One not infrequently hears the claim that a politician did something "for political gain", and the claim is said in a context that suggests that it follows that there was something sordid, ignoble or even wrong about it. But why accept such an inference? Suppose that politicians promote their political capital in order to enact policies that they think are good for the country. If so, then the claim that a politician did something for political gain need not be a criticism: one might as well say that the politician did it for what he or she thought was the good of the country.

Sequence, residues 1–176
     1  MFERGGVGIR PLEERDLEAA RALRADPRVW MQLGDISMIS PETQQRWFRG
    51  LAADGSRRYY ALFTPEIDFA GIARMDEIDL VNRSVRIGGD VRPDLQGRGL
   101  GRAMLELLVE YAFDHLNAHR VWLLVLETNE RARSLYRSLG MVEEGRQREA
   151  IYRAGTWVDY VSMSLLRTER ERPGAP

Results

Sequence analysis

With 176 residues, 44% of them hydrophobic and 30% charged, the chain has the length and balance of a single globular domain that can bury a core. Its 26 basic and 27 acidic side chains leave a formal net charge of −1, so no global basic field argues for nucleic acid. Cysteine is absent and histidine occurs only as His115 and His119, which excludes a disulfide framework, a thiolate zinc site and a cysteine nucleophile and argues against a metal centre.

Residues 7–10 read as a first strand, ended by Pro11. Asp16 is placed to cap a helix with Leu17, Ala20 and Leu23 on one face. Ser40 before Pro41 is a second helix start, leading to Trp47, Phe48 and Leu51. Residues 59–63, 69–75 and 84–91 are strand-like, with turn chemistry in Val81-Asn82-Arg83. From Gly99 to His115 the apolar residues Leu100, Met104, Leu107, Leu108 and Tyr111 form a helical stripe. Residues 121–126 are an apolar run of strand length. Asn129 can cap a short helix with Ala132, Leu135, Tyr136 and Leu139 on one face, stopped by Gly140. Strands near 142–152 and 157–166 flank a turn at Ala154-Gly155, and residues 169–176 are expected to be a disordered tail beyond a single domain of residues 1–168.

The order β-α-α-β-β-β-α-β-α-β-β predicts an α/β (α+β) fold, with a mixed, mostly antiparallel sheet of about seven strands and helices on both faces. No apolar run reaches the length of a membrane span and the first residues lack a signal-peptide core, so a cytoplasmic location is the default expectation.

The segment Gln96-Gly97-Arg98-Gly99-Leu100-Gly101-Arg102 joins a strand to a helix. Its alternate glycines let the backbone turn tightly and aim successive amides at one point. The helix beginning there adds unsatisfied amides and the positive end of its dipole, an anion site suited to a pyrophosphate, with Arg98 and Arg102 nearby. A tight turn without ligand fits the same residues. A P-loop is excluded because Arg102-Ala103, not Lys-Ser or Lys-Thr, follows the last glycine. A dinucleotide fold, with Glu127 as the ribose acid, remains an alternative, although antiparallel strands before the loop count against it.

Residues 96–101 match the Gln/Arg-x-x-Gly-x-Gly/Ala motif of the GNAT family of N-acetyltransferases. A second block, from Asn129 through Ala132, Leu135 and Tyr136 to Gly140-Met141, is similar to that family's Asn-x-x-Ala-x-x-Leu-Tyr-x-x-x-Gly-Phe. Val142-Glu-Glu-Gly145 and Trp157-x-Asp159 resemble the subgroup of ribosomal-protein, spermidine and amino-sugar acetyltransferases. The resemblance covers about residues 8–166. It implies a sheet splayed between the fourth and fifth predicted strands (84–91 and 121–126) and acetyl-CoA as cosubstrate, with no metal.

It may, of course, be that people who use that phrase are cynical: they do not believe that politicians are trying to promote the good of the country. But I doubt that such a cynical thought can be very often justified. Even if a politician is misguided, stupid, greedy or power-hungry (and most of us exhibit these traits at times), it can still be the case that the politician is nonetheless trying to promote the good of the country. Such a hypothesis is both charitable and consistent with what we know about human nature.